They were, and are, the biggest distributor of digital comic books, or floppies, or whatever we're calling them, and I wanted to be in that business more than anything.
Back then, unless you were one of the major publishers, or a successful indie, all ComiXology had to offer you was a paragraph on their site about how they were working on a program to allow regular folks to sell books on the platform. It would be coming soon.
Fast forward to March of 2013, ComiXology launches "ComiXology Submit" a curated way for independent creators to sell their work on the service. The Chairs' Hiatus had been out for over a year and a half by then. I formatted my files and submitted them a week after the program launched.
I was pumped.
I posted about it on my blog, Tumblr, Twitter, Facebook, and Google+. I sent out an email to my mailing list, and the folks at ComiXology were kind enough to feature my book "above the fold" as it were.
ComiXology decided to list the book in the New and Noteworty section on the front page of the app the week the book was released.
The way the ComiXology Submit program works is they don't provide you with sales information until the end of each quarter. Because I'm an awesome businessman I looked up when the heck quarters ended.
Then I waited to see how the book would do.
In December I sold 80 copies of the book.
The total amount of money taken in by ComiXology was $177.52. All revenue is divided equally between the publisher and ComiXology after Apple takes their 30% cut for comics sold through iDevices. So that means I have $88.76 coming my way. Someday. Maybe. After I do some more waiting.
You see, ComiXology Submit publishers only get paid once they earn $100 or more. I didn't hit that mark. With luck I'll have sold another 10 copies by the time this quarter ends. Otherwise I'll have to keep my fingers crossed for the end of June.
I wish I had figures to report to you about how much of a bump I got by being as well placed in the store as I was. I'm assuming the sales went down quite a bit once I dropped off that list.
I'm not sure if most people would consider this a success or failure. I think it's great. I'm a little known cartoonist with a small following. This is my first book and, although lots of folks have said some nice things about it, most people have never heard of it. Thanks to ComiXology 80 more people know about my work. Five of them were cool enough to leave a positive star rating, and several tweeted or emailed me to say that they enjoyed it.
Even if I never end up breaking the hundred dollar mark and making any money from this experience, I'd recomended it.
Heck, it only took three and a half years.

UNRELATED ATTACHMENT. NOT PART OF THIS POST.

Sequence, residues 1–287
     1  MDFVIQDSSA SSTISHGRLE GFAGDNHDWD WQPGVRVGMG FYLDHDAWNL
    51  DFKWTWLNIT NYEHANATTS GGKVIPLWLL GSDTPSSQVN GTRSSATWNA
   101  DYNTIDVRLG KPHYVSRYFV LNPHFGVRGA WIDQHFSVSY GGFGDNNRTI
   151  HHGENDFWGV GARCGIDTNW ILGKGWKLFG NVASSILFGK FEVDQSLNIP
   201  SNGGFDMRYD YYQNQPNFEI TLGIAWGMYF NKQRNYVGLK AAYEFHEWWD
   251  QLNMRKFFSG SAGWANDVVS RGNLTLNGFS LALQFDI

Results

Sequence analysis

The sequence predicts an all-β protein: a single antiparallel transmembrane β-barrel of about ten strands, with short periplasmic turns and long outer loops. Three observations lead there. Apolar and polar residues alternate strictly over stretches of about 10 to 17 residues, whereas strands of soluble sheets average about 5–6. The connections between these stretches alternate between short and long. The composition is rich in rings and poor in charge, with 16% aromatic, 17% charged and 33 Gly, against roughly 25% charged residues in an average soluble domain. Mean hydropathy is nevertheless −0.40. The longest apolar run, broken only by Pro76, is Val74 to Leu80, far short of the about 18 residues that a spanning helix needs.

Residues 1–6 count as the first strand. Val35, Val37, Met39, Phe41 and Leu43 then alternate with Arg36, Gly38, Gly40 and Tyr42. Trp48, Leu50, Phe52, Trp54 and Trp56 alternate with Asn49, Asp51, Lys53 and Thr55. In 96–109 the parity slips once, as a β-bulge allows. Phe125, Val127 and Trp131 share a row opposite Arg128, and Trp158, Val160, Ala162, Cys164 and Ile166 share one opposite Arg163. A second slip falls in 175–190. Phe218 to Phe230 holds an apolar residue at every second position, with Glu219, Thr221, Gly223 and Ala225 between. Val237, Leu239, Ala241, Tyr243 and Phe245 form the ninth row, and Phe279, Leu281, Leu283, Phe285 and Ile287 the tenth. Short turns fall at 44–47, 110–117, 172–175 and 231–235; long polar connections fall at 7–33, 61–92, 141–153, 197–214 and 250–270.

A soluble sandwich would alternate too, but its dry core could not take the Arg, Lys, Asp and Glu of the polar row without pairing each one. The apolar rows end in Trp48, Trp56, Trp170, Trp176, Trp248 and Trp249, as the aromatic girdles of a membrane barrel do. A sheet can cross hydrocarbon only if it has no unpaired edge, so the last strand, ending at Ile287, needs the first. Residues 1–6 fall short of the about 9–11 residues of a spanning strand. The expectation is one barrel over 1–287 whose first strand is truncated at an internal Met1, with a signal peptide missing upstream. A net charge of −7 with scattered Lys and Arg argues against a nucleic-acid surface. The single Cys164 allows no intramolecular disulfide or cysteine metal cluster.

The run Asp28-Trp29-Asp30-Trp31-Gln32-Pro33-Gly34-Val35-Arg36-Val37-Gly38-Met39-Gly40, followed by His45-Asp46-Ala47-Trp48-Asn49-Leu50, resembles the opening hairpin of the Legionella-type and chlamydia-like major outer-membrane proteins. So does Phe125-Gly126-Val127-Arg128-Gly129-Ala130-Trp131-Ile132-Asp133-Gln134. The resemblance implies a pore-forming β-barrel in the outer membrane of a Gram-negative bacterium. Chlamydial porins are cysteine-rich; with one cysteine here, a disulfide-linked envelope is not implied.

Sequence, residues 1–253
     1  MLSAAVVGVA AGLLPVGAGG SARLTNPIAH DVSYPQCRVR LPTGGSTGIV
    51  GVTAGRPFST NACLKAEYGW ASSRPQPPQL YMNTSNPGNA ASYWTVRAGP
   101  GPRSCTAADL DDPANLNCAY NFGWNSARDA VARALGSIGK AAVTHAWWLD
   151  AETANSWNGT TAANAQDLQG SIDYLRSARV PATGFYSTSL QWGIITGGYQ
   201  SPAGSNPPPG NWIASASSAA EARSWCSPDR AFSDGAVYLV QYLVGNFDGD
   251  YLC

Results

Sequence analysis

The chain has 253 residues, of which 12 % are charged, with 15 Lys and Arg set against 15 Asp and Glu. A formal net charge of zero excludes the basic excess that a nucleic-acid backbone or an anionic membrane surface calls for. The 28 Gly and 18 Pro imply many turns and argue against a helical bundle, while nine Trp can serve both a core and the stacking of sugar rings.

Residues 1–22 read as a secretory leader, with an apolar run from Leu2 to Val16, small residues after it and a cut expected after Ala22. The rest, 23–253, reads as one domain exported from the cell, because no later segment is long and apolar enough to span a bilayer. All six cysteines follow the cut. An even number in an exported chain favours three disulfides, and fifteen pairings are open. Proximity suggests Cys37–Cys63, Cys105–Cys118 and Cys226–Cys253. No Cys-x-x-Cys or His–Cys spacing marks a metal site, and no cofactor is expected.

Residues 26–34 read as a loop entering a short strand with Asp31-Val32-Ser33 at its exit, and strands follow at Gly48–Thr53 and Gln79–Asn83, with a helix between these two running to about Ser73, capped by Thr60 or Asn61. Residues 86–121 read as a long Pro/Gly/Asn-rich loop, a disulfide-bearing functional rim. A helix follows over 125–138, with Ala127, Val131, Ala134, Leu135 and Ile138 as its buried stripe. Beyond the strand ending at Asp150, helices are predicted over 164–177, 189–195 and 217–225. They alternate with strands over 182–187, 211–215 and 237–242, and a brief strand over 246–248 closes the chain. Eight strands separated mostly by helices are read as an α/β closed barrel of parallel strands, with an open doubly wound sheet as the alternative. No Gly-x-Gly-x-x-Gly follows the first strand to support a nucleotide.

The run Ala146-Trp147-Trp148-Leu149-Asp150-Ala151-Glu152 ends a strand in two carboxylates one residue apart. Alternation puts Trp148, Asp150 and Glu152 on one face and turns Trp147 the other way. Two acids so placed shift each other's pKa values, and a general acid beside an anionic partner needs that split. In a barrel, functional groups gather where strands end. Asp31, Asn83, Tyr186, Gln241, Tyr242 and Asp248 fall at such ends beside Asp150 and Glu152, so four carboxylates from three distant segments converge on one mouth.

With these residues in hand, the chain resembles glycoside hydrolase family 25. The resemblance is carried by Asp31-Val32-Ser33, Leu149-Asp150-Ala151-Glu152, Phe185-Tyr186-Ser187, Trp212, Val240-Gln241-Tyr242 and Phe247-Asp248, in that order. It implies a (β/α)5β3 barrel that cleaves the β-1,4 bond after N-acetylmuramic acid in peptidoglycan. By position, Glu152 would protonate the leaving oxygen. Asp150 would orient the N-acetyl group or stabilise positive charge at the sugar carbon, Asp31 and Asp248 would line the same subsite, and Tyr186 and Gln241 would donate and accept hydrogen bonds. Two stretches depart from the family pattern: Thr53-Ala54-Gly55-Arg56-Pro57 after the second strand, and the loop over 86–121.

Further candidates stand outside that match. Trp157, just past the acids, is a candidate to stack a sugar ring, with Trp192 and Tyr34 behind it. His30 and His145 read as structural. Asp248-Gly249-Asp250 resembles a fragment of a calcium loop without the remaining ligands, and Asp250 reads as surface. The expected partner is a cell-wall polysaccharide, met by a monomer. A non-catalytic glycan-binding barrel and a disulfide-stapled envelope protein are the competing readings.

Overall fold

I'll post again when I get the next sales figures.
A month or so after I the quarter ended I found myself wondering if I shouldn't have gotten something from ComiXology detailing my sales, or lack thereof. After extensive searching I found something that had been buried in my spam folder announcing that, due to the sale of ComiXology to Amazon, all accounts, regardless if they had met the minimum $100 mark, would be getting paid out.
Excited, I opened up the attached spreadsheet to look over my numbers.
Here are the details:
- In February 2014 I sold 2 copies making ComiXology $4.93. My half of that was $2.46.
- In January 2014 I sold one copy. Amazon took in $2.84 and gave me $1.42 of it.
- In March I sold 5,448 copies. Amazon took in $464.94 and I made $232.47.
It makes more sense when I explain that, shortly before my March sales landslide, ComiXology sent me an email asking for permission to discount my book from time to time in order to use it in promotions. Since you can read the comic online for free I gave them permission.
A couple of weeks later, at South by Southwest, ComiXology announced the "Submit Starter Pack", to celebrate the one year anniversary of the ComiXology Submit program. They were offering a package of 100 creator owned books for the low, low price of $10. My book was a part of the package.
I didn't know any of this in advance, so I was curious about how it was going to work. How were the profits going to be decided up? I knew I was going to be getting a certain percentage of those bundle sales but what would it be based on? Were all 100 creators going to get one one fiftieth of the total sales? Would it be divided biased on the regular cover price of the books? For example, does a creator of a book that normally sells their graphic novel for $9.99 get the same amount as a creator who normally sells a 22 page comic for $0.99? I had no idea, and I still don't really.
All I know are these three figures:
- 5,448 copies
- $464.94 made
- $232.47 of which is mine
I'm assuming, biased on my numbers from the previous months that there were 5,448 bundles sold, but who knows? Perhaps I sold 100 copies at full price that month and my cut of the bundle was just super low. Perhaps if other creators share their numbers we can figure it out but I'll probably never know.
In the end...
It's frustrating having so little to go on, but at the same time, there were plenty of upsides. Money appeared like magic in my bank account, both the money from this quarter and the previous one. There are now almost 5,500 more people that own a copy of my comic which resulted in more than 55 star ratings on the ComiXology store. (I'm proud to say that number is hovering at 4 stars.) As a result of the bundle a few people wrote, and continue to write, nice things about the story.
All in all, it's a positive experience.
I'm interested to see how it goes now that both the initial release of the book on the platform and bundle are over. I imagine the sales will go back to the February / March sales numbers but perhaps I'm wrong. Perhaps the numerous positive star ratings will help pick that number up.
We will see. I'll keep you posted.